security review and patches for libpurple

Ethan Blanton elb at
Wed Aug 17 19:39:18 EDT 2011

Dan Auerbach spake unto us the following wisdom:
> [+chris's personal email, as he no longer works at EFF]

Thanks, I removed him before because his EFF address bounced.

> >>   Also, in general, this is NEVER safe:
> >>
> >>     g_strlcpy(dest, src, strlen(src));
> >>
> >>   That's even worse than strcpy(dest, src) with no check, because it
> >>   checks *the wrong thing*.
> Yes, of course I agree this is wrong in general. However, I'm not
> sure I agree it is WORSE than strcpy---they both seem equally broken
> to me.

I disagree strongly with this.  Anyone looking at the strcpy knows
that it's not checked.  Anyone glancing at the strlcpy and not looking
closely will assume that it _is_ safe.  This is exacerbated further
when the bounds argument is something computed elsewhere in the

Consider also that your static checker will no longer flag this as a
potential problem.

> There's also a possible philosophical difference that we might have:
> in my view it's worth considering strcpy "deprecated" entirely and
> insisting on changing every occurrence, unless doing so will have an
> explicit negative impact. In other words, the burden of proof should
> be to prove that strcpy is actually better or necessary in a
> particular instance, not merely that there are no security risks with
> a given usage of strcpy, or that replacing a usage yields no security
> improvement.

It is not "no security improvement" which I object to, but "insertion
of broken code which was not as broken before".  In each of these
cases, there is a correct, bounds-checked copy which is not more
broken.  The effort of finding this fix is not so large that we should
make cosmetic changes which hide the real problems.

> If we are committed to deprecating strcpy, we either have to live with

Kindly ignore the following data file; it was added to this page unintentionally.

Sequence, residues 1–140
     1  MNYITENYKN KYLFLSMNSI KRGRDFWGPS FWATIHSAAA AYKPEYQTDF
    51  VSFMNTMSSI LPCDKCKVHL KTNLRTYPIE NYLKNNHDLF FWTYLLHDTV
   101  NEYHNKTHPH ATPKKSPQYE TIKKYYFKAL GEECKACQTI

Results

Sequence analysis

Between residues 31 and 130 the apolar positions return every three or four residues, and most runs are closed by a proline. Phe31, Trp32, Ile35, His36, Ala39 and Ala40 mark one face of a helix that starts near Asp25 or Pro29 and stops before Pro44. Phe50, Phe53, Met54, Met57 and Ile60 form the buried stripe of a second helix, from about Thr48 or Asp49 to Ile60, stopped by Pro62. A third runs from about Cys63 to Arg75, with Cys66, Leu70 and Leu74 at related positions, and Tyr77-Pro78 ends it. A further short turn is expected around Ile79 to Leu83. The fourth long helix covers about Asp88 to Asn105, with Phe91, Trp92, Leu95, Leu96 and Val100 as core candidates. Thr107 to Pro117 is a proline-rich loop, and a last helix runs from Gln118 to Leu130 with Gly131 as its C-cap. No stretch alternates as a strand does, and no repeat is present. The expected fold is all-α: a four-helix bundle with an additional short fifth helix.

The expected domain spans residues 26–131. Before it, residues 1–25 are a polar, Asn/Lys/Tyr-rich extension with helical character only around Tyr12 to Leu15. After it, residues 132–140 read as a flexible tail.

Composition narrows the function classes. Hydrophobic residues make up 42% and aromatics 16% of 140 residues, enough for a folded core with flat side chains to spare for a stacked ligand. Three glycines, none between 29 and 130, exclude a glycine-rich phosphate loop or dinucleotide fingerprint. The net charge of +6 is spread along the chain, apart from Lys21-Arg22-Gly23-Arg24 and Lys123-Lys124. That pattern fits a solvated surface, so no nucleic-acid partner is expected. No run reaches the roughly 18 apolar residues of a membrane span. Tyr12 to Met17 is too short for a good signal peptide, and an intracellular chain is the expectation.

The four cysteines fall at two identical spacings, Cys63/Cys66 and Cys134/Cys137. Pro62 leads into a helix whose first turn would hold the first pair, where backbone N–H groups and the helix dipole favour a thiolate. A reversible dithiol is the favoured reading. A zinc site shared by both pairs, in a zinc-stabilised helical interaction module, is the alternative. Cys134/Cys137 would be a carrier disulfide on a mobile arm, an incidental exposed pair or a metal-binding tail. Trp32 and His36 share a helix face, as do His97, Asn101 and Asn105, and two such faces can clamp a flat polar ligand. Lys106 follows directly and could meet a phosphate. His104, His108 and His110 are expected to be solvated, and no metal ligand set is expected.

> an equally bad usage of strlcpy, or rewrite the code that necessitates
> strcpy. This is probably not worth arguing about too much, and I try
> to avoid being dogmatic when it comes to this sort of thing. Of course
> this comment applies not only here but to all the relevant patches
> below.

I agree that it's not worth arguing about, particularly because in
this instance I am the gatekeeper of the code in question.  ;-)

As to whether deprecating strcpy entirely or not is a laudable goal, I
take no position.  I absolutely agree that properly bounds checked
copies are better in all cases.  In the ideal world, all copies are
checked, and the compiler removes checks via static analysis where
they are truly unnecessary.

> As for this patch, it seems there are potentially larger issues
> relating to the unusual semantics of the PurpleStringref struct and
> the non-enforceable requirement that it is never accessed directly.
> As I've said, the fact that strcpy isn't improved upon at all by
> strlcpy in this instance strikes me as a reason to rewrite this
> code. If we are canning this patch, can we add a bug to "replace
> this whole thing with a GCache", which is a TODO that appears at the
> top of stringref.h?

I am entirely agreement that stringrefs are a bit odd and dangerous if
the casual user does not pay attention to their semantics.  Stringrefs
were introduced to solve a specific problem for which they are
extremely well-suited.  You will find that they are used in exactly
one place in Pidgin, and that is in legacy code which is no longer

The PurpleStringref structure can not be accessed directly in any
event, without doing Bad Things, because its definition is not public.
The string value it contains is accessible only via
purple_stringref_value(), which returns a const pointer, and thus the
compiler will enforce its immutability.

PurpleStringref is an example of code which could be carefully
checked, then grandfathered.  Bounds checking its copy is fine, it
doesn't hurt anything and adds very little overhead; however,
Stringrefs are written exactly once, at creation time, and the
allocation and copy are tied directly by size in the code.

So, the bottom line on these changes is:

* strlcpy invocations which do not check a bound which is actually
  valid will not be accepted.
* Copies which *do* check a bound which is actually valid, even if the
  bound cannot be violated for some other reason, are OK with me,
  provided they don't pose a performance problem.  (The probability of
  a performance problem in copying strings in Pidgin is near nil.)

I was just looking at the stringref code, there is an easy fix which
makes correct bounds checks, and I will apply it.

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